After a lengthy question-and-answer with acting governor Eloy S. Inos and other government officials, the Senate passed last night a substitute version of a House bill seeking an $11.58 million line of credit for CHC but the latest action failed to avert another payless payday today for non-essential hospital employees and continued non-payment to vendors.
“I tried hard to get the line of credit we asked for the corporation to help pay our employees and our vendors, but the Senate decided that they want to use portions of that for other things,” CHC chief executive officer Juan N. Babauta told Saipan Tribune last night.
Despite his misgivings about what he described as a “watered down” bill, Babauta said he respects the legislative process. The bill authorizes the Marianas Public Land Trust to provide up to $11.58 million line of credit to CHC.
The original House bill would have given $10 million “line of credit” for CHC’s bridge capital and operational needs, while $1.58 million is for an electronic health information technology initiative.
The Senate version ended up giving only over $4.99 million for CHC’s operational needs.
That’s because senators wanted to give $3.5 million to the Commonwealth Utilities Corp. for the payment of the Public School System’s outstanding utility bills, another $1.5 million to CUC for the payment of CHC’s outstanding utility bill, and $350,000 each to Rota and Tinian Health Centers.
Inos, after leaving the legislative building, told reporters that he asked senators whether they could lower their original proposal of $2 million each for Rota and Tinian Health Centers out of the proposed loan amount.
Had the acting governor not interceded on CHC’s behalf, the hospital would have ended up with only about $1 million for its operations.
“I cannot even pay all the vendors with $1 million, and what about for payroll?” Babauta said.
Babauta said that based on his understanding, only essential CHC employees or those who are in direct patient care, including doctors and nurses, will get their paychecks today.
The rest, the so-called non-essential employees, will mark their second payless payday in a row today, he added.
CHC spends some $800,000 biweekly or some $1.6 million a month for the payroll of its estimated 600 employees on Saipan, Tinian, and Rota.
Before acting on the substitute bill, senators took turns asking Inos, Babauta, and MPLT chair Pedro Guerrero on the measure’s provisions and their impact on operations.
MPLT’s Guerrero said the trust fund is concerned about CHC’s repayment, but they also weighed the hospital’s critical needs.
Around 6pm, the Senate passed House Bill 17-278, House Draft 2, Senate Substitute by a vote of 8-0. Sen. Luis Crisostimo (Ind-Saipan) is still on medical leave.
Senate President Paul Manglona (Ind-Rota) and Sen. Ralph Torres separately said the $1.58 million for the electronic health information technology initiative will be repaid using federal grants.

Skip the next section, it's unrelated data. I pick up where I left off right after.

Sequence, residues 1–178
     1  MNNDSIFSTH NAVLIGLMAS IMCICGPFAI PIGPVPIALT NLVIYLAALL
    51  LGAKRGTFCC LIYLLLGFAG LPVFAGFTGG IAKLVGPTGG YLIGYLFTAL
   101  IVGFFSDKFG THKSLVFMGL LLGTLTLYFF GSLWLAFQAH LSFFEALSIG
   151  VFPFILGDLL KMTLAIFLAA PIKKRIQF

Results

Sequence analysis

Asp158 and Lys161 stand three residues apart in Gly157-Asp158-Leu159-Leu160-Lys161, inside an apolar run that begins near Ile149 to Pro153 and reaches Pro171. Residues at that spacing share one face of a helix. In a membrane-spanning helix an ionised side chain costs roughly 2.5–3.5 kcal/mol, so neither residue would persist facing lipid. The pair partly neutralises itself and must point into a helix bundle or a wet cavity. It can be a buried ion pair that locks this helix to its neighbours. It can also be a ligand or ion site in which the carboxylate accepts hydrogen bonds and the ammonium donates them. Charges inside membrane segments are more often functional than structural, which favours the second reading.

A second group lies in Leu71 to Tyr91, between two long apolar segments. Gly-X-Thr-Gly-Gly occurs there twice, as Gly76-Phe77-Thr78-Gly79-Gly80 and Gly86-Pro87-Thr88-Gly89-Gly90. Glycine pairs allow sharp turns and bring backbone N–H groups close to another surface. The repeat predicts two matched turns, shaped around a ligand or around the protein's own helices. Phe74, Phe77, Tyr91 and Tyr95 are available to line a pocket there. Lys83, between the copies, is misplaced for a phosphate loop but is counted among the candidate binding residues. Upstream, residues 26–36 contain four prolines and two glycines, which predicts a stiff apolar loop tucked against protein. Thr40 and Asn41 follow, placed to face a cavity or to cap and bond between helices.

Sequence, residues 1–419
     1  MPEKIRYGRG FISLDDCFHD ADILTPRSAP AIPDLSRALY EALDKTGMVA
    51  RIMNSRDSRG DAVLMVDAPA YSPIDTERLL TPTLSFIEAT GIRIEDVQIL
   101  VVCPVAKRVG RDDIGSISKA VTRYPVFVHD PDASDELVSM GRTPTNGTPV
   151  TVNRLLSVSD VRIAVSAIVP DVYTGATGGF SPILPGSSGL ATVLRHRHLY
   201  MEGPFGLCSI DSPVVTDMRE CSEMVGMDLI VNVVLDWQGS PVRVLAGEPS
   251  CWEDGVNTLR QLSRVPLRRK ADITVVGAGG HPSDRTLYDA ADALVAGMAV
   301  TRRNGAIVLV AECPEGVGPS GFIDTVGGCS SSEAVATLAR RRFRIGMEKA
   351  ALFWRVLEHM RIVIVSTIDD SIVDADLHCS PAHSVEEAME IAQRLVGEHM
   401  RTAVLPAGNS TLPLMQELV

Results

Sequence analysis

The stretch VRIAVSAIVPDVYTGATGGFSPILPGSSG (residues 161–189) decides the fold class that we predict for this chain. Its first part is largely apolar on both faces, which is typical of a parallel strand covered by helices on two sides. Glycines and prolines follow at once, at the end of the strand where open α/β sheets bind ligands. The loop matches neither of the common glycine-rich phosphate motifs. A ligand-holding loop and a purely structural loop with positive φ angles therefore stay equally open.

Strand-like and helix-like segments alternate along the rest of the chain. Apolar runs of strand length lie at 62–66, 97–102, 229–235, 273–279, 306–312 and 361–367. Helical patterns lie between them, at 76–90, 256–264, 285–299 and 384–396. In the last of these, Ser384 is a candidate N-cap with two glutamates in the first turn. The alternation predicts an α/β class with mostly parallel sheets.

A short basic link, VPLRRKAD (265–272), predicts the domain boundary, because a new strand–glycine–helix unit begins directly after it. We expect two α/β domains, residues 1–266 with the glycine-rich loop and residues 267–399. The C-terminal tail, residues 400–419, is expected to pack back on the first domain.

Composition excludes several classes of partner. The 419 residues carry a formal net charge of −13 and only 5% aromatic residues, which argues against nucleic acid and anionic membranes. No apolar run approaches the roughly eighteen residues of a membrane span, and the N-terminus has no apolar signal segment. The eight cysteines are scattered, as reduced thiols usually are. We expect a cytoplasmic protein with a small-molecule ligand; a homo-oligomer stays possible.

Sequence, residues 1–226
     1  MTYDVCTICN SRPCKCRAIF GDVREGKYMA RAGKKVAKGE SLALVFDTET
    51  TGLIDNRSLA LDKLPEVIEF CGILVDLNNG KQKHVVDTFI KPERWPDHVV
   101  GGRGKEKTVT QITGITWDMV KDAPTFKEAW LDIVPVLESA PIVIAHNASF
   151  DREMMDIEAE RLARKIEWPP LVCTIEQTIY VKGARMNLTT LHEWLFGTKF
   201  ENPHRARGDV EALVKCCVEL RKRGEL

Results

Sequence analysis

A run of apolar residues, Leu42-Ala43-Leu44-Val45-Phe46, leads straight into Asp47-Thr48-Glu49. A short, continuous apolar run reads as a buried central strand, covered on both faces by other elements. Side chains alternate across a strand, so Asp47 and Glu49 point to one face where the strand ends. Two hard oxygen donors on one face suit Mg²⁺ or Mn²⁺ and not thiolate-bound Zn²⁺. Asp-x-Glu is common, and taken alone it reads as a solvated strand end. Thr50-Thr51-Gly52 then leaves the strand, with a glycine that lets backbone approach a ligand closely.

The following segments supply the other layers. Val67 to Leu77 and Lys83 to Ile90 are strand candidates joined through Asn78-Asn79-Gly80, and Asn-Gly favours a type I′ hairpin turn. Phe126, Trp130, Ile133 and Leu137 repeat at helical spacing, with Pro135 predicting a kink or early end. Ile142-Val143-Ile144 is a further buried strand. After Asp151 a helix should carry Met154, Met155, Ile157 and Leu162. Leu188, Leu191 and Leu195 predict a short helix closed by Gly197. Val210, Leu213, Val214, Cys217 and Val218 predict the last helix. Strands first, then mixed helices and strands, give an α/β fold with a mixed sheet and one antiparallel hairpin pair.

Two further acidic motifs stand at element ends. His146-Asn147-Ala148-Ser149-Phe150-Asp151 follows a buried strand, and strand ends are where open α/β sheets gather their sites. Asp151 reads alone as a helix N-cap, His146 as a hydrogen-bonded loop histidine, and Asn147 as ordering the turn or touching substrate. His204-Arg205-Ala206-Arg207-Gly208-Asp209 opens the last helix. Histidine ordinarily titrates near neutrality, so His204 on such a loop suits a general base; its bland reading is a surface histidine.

Manglona said once that amount is repaid, the $1 million will be used to establish a scholarship revolving fund so that students will be able to get their scholarship checks on time.
Torres, chairman of the Senate Committee on Health, also offered an amendment to use the $583,000 to buy a CT-Scan for CHC.
Senate floor leader Pete Reyes (R-Saipan) voted “yes” with reservation, citing concerns about the bill’s provisions but expressed support to CHC.
Inos said the bill in its current form is a “workable” one that he plans to sign into law once it reaches his desk.
The bill has to go back to the House and as of press time there’s no telling whether the Senate version will be accepted or rejected. The bill was introduced by Rep. Ray Basa (R-Saipan) along with seven House members.
“This is a workable legislation. It addresses many of the urgent issues,” Inos said. “The funding may not be enough but it takes care of the immediate needs like paying vendors, making sure payroll expenditure are paid, CUC and so forth. I think I would urge the House to act on it expeditiously.”
Inos said if the bill reaches his desk on Monday, assuming there’s a House session on Monday, he will sign it into law that day “so we can get MPLT to start the financial transactions to effect the transfer of funds.”
The Senate made several major changes to the House bill.
Among these is removing the governor’s power to appoint CHC’s chief executive officer, and give that power to the board of trustees.
The Senate also changed the board of trustees into a “governing” board instead of an advisory board.
Senators also reduced the number of board members from seven to five.
Under the Senate version of the bill, a Department of Public Health will be re-established.
CHC’s CEO, in consultation with the governor, will transfer units or division not related to hospital functions on Saipan, Tinian and Rota to the Department of Public Health.
Units that will go under DPH include the Division of Public Health, Medicaid, Medical Referral Program, Bureau of Environmental Health, Dental Services and at least 21 federally funded programs such as the Maternal and Child Health Program and Diabetes Prevention and Control Program.